Undoubtedly, transfer of the principal responsibility for language proficiency evaluations from the state level to the local school districts is likely to have a profound impact on the local districts. Yet, even if we were to doubt the wisdom of the policy, it is not up to an appellate court to substitute its judgement for that of the DOE, New Jersey Guild of Hearing Aid Dispensers v. Long, 75 N.J. 544, 561-63 (1978), where the challenged exercise of rulemaking authority requires the application of an agency's technical expertise. Gloucester County Welfare Bd. v. New Jersey Civil Service Comm'n., 93 N.J. 384, 395 (1983). Unlike the regulation which was set aside in Matter of Repeal of N.J.A.C 6:28, 204 N.J. Super. 158 (App. Div. 1985), the new regulations involved here do not narrow the scope of the BEA. Rather, they merely reallocate the burden of an ancillary service, namely, the initial language proficiency evaluations of bilingual teaching candidates. This involves a debatable policy issue, and the Legislature delegated such policy decisions to the DOE which has the required expertise to decide policy matters. That reallocation of the language proficiency evaluations from the State level to local school districts, violates neither the intent nor the mandate of the BEA.
The Public Advocate's reliance on Mercer Council #4, New Jersey Civil Service Ass'n v. Alloway, 119 N.J. Super. 94 (App. Div.), aff'd 61 N.J. 516 (1972) is misplaced. There, the Civil Service Commission delegated the nomination for promotion, testing, and classification of lower level civil service employees to the operational departments.
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Id. at 96, 98-99. We found the Commission had exceeded its rulemaking authority because those powers and duties were vested in the Commission, the Chief Examiner, and the Secretary of the Commission who could not transfer those powers to the operational departments, absent an indication of legislative intent to do so. Id. at 99-100. Here, the DOE was not specifically vested by the BEA with the duty of testing a bilingual teaching candidate's language proficiency. Instead, the BEA vests the DOE, the local school districts and the local school boards with the joint responsibility of implementing the necessary bilingual programs. N.J.S.A. 18A:35-15 to N.J.S.A. 18A:35-23.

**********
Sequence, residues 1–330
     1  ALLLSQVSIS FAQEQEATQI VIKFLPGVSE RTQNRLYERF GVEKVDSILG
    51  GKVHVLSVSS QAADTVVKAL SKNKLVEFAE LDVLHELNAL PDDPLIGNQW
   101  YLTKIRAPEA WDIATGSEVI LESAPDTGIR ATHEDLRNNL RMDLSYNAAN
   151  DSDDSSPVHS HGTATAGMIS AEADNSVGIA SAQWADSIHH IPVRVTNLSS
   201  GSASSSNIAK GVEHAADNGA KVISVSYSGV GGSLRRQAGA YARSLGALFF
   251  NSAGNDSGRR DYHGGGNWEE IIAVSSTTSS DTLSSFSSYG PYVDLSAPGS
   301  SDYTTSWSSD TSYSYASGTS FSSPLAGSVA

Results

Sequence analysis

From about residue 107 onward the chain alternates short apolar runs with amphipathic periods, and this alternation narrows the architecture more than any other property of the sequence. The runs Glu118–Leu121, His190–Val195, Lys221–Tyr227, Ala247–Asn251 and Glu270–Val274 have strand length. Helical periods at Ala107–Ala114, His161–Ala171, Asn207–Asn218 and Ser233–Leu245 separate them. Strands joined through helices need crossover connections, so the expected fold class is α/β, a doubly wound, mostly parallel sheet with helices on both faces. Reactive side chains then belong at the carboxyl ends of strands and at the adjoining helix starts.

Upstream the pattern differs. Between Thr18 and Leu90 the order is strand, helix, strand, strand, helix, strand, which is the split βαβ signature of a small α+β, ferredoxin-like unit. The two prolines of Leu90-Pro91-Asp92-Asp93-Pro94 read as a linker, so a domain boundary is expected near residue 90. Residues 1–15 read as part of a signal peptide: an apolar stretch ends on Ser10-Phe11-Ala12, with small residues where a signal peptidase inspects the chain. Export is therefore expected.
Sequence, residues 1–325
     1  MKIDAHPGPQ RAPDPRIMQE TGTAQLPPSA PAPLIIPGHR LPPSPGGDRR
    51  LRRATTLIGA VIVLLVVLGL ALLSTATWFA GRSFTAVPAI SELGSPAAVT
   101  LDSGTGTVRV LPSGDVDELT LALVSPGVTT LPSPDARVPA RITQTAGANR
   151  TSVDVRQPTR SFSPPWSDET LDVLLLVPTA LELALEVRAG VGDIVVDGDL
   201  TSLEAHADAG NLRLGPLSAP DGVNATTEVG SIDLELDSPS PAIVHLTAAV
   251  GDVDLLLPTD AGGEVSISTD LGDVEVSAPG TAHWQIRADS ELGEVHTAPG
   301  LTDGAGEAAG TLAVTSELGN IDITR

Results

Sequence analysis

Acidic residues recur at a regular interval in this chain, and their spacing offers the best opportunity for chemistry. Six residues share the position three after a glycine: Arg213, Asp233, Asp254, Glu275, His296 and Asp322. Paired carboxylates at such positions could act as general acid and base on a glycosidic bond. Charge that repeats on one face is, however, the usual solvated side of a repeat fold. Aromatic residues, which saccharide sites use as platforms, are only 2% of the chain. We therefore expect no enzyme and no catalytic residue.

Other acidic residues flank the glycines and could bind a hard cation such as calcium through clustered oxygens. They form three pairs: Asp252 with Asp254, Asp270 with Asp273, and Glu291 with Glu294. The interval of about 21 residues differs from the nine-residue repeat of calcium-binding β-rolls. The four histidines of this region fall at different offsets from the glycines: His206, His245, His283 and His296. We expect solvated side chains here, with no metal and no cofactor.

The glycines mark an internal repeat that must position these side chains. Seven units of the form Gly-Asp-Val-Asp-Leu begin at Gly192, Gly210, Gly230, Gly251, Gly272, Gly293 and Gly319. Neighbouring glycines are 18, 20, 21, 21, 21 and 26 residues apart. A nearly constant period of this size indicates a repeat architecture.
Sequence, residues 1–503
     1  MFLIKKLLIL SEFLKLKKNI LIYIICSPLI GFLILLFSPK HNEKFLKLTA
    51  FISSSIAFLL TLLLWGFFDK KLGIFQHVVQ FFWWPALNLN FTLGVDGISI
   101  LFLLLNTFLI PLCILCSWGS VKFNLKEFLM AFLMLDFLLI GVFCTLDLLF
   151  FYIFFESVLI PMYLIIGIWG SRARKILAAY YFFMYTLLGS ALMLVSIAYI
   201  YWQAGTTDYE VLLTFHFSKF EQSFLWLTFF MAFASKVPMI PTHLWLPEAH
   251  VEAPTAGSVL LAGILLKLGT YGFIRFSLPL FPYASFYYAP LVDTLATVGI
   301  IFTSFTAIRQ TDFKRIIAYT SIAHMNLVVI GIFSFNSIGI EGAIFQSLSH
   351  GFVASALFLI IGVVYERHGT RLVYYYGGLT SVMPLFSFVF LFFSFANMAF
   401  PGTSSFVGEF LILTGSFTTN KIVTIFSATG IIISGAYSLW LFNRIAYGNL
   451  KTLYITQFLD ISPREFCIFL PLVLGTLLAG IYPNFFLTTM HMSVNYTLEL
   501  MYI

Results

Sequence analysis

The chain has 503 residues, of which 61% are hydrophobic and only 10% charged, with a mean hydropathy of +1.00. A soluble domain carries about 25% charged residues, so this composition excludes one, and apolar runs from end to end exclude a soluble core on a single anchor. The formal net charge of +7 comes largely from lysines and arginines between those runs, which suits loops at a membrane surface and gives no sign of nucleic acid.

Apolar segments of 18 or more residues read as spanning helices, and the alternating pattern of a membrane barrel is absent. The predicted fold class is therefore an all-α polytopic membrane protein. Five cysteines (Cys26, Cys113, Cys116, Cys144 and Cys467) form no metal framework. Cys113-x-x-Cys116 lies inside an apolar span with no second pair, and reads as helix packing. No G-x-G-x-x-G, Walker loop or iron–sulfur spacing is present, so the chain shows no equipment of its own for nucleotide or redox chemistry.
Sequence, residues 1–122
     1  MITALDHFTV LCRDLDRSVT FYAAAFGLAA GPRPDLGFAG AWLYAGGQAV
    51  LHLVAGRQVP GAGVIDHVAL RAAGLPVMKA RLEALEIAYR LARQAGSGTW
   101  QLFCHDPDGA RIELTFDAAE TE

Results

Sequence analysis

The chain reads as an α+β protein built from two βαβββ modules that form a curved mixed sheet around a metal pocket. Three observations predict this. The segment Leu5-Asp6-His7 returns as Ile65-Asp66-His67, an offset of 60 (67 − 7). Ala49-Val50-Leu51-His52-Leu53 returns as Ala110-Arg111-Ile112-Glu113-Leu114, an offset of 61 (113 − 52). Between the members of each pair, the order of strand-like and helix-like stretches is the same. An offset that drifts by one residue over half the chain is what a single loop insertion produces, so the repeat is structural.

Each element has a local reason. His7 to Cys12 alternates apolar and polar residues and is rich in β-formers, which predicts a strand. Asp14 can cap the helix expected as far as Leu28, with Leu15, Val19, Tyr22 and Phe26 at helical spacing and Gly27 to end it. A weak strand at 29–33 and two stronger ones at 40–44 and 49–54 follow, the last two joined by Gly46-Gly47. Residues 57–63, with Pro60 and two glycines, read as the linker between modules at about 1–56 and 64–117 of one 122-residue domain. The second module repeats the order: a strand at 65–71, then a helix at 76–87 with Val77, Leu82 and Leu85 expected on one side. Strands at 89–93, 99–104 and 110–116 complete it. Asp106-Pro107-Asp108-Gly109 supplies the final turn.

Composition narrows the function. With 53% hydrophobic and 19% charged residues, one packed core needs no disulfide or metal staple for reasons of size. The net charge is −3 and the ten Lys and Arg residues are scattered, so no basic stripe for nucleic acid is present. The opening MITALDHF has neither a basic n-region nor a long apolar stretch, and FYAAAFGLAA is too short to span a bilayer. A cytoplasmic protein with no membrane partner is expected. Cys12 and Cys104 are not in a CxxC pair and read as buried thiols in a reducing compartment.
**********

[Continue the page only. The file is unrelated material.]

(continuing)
We also reject appellant's contention that the record does not support the DOE's conclusion that the local districts have the capabilities to implement the mandates of the BEA. The record establishes a sufficient factual basis for the DOE's conclusions and actions. N.Y.T. Cable TV v. Homestead at Mansfield, Inc., supra., at 164; In re Cable Television, 132 N.J. Super. 45, 48-49 (App. Div. 1974), certif. den. 67 N.J. 95 (1975). The record persuasively demonstrates a significant shortage of bilingual teachers, caused in part by the language proficiency evaluation backlog. Further, the need for bilingual teachers has steadily increased at a time when there has been a diversification of needs for bilingual language programs. The DOE encountered significant difficulty in evaluating language proficiency of incoming bilingual teaching candidates on a statewide level, caused in part by the influx of some of the exotic languages such as Arabic, Urdu Hindi and Guajarati. In response to this growing problem, the DOE has made the policy decision that the local school districts can expeditiously and effectively determine the qualifications of a candidate. While it may be helpful for the DOE to supply local school districts with uniform testing criteria, that is not mandated by the BEA. The absence of such criteria within the regulatory amendments does not render the DOE actions invalid.